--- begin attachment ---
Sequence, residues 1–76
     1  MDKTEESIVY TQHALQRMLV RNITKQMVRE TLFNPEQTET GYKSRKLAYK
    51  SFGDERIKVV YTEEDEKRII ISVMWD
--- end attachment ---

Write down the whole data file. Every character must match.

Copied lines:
Sequence, residues 1–76
     1  MDKTEESIVY TQHALQRMLV RNITKQMVRE TLFNPEQTET GYKSRKLAYK
    51  SFGDERIKVV YTEEDEKRII ISVMWD